“Tert-butyl alcohol, was detected … a known breakdown product of … tert-butyl hydroperoxide (a gel breaker used in hydraulic fracturing),” EPA says on page 35 of its report.

But EnCana says EPA should not use MSDS to link fracturing to contamination in the aquifer.

“Peroxide breaker was never used in the field yet we did record it in the MSDSs because it is possibly used in hydraulic fracturing,” EnCana officials state in written materials prepared for a technical briefing for reporters. “Yet they chose to make that claim despite knowing that peroxide breaker was not used.”

EnCana says EPA never requested more detailed information about what chemicals were used in which specific areas.

“However,” Hock said, “we are planning to provide this information as part of our rebuttal to the draft report.”
Groundwater contamination

EPA concluded that contamination from “constituents associated with hydraulic fracturing” are in the “drinking water aquifer,” around 800 feet down.

But those materials are different than contaminants EPA found in much shallower drinking water wells. And the agency says the contaminants in drinking water are “generally” below health and safety thresholds.

“We have absolutely no indication right now that drinking water is at risk,” Jackson said last year in a televised interview on Pavillion.

Still, after EPA found “petroleum compounds” in 17 of 19 drinking water wells in 2010, the U.S. Agency for Toxic Substances and Disease Registry recommended that some well owners use alternate sources of water for drinking and cooking. The agencies made no conclusion about where those compounds came from.

The EPA report notes that contaminants deeper in the aquifer could flow upward toward drinking water wells. Some stock ponds in the area flow, indicating that water moves up from below. They could also come up through old, forgotten oil and gas wells.

But they haven’t, or at least there is no indication of that in EPA’s study.

To reach most drinking water wells in Pavillion, the contaminants would need to rise upward several hundred feet. But to reach drinking water in shale formations, any contaminants would have to rise upward a mile or more.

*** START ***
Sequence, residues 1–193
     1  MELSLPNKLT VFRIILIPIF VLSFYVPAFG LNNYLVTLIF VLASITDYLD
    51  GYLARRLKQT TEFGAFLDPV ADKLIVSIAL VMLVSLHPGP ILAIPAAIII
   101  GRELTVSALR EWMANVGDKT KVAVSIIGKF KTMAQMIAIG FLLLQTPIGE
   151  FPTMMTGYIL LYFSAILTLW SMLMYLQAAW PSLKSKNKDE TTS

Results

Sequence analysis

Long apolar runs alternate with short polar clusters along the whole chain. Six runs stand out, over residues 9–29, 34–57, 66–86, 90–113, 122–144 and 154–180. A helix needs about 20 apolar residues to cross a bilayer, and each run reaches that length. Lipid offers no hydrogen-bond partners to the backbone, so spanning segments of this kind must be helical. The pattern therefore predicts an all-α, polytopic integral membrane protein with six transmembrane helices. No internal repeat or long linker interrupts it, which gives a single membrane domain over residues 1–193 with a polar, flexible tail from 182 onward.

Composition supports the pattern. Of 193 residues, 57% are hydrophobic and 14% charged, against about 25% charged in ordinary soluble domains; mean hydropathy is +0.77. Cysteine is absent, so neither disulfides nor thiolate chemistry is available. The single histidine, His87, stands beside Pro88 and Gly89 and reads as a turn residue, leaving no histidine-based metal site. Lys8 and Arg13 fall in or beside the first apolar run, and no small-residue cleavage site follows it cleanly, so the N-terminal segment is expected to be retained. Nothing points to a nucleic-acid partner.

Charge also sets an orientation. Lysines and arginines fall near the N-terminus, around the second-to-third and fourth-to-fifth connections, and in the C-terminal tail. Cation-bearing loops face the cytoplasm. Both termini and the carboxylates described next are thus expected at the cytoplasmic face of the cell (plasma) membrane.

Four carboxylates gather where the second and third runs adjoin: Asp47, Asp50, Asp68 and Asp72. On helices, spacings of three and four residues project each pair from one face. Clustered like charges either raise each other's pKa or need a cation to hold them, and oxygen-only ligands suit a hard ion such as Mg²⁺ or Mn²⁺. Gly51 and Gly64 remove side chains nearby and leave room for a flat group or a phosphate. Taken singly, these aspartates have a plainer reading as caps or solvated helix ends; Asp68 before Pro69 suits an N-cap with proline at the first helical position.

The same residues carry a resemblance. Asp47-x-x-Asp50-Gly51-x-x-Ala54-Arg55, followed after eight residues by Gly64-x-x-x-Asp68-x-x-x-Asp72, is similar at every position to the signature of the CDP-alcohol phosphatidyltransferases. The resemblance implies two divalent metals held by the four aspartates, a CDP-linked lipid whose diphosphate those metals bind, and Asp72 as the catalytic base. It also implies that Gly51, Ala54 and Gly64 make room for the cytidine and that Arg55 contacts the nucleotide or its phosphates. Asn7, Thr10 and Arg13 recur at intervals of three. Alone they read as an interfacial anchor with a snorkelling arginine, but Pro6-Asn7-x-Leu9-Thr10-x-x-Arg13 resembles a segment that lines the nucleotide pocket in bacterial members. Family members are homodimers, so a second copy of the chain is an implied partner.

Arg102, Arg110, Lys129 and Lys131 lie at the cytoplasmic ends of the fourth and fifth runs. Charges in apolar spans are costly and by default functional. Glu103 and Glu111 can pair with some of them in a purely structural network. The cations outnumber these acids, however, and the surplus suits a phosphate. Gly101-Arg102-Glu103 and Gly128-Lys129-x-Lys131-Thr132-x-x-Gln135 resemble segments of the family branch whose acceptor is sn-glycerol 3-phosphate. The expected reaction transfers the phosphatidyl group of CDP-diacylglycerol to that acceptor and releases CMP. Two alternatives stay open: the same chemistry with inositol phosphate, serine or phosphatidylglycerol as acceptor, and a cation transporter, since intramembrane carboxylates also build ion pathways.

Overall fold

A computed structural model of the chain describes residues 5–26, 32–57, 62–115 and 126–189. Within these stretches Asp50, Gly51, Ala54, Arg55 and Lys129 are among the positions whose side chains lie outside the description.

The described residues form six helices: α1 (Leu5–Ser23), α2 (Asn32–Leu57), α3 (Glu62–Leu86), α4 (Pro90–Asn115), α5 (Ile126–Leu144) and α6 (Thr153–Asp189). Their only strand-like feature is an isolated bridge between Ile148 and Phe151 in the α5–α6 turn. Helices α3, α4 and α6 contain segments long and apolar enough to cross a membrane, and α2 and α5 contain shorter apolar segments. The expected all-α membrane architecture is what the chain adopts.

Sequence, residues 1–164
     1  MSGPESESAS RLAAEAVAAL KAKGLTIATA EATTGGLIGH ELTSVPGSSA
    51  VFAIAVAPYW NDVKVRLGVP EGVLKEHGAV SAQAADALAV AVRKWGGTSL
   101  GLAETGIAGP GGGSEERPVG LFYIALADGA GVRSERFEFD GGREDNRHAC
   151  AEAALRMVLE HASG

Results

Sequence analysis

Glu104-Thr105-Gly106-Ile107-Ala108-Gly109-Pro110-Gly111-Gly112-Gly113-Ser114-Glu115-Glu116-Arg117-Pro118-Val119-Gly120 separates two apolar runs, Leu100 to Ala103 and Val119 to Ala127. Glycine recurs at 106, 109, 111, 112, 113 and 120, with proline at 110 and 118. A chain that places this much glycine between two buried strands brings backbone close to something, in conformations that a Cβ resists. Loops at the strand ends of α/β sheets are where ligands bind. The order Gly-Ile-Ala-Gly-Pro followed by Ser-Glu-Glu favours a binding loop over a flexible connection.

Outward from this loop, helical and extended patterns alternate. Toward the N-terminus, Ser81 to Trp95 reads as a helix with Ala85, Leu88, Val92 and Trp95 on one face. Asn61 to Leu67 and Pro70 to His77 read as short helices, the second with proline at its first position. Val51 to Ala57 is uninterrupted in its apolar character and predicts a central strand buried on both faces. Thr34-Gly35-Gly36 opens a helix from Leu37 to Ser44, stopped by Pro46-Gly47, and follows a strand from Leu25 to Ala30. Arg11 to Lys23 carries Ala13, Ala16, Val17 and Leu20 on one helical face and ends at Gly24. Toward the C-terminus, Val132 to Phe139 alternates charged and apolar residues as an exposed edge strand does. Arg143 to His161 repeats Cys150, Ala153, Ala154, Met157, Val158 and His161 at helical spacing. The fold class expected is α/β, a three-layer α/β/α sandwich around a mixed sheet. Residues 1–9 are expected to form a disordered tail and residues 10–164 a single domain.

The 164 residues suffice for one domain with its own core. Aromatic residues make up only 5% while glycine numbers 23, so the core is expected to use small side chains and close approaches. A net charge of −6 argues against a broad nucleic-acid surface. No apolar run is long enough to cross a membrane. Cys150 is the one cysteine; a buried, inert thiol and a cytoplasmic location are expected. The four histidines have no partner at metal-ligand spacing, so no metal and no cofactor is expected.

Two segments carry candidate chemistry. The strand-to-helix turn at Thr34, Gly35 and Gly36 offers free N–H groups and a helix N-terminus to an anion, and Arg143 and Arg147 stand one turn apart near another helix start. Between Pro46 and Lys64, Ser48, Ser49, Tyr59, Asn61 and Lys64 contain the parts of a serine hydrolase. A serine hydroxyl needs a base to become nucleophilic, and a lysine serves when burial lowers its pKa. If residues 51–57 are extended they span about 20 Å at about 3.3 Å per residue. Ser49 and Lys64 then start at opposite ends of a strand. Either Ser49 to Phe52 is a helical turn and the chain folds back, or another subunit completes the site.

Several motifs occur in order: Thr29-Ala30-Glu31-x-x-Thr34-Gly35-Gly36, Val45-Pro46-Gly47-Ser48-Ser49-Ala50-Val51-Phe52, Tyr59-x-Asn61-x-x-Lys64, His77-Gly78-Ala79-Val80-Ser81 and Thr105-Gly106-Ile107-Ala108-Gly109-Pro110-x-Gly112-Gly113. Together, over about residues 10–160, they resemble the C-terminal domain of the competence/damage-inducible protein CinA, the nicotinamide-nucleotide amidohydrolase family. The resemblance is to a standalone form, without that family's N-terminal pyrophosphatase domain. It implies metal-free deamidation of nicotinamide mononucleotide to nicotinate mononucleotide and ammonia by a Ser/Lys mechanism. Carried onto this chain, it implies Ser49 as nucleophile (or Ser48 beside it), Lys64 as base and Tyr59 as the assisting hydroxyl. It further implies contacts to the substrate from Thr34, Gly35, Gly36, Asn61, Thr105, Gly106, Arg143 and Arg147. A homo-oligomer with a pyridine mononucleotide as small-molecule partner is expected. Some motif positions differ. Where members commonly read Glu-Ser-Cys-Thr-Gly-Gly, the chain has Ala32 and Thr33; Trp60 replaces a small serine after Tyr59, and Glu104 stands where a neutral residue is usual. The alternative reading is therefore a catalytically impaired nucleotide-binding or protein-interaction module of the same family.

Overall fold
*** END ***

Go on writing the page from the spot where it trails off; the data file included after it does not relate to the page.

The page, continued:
In shales like the Marcellus or the Barnett in Texas, gas is trapped in hard rock a mile or so below the surface. Drillers inject millions of gallons of chemical-laced water at extremely high pressure to “fracture” the shale and allow the gas to flow out.

Because it is deeper, it requires more industrial activity at the surface. Drillers use exponentially more water than in the conventional production found in Pavillion, and the water is under exponentially higher pressure.

“I don’t think it’s something that can be extrapolated across formations all over the country,” Penn State’s Yoxtheimer said.

In dismissing the report, industry figures and Wyoming officials have said EPA itself might have contaminated the water in the aquifer when it drilled deep monitoring wells.

But Yoxtheimer said EPA documented a very careful approach to drilling the wells, monitoring everything that went into the wells. He does see a weakness in that the municipal water used to drill the monitoring wells was not tested and suggests its source could be tested, “to fill that gap.”

Some have noted that a portion of EPA’s samples were not tested within the proper time frame. Yoxtheimer said that might invalidate them in a court case, and EPA itself probably would not accept samples that had expired. But he said that given what they were testing for, the time lag probably did not affect the outcome and, if anything, would have shown less contamination because over time such chemicals diminish.

“Technically, the samples weren’t valid,” Yoxtheimer said. “But it probably didn’t affect the quality.”

More troubling to Yoxtheimer is how little data there is overall about fracturing chemicals. EPA said financial constraints prevented drilling more than two deep monitoring wells into the Wind River Aquifer.

“That’s a very limited data set,” he said. “It’s not a data set you can draw large conclusions from.”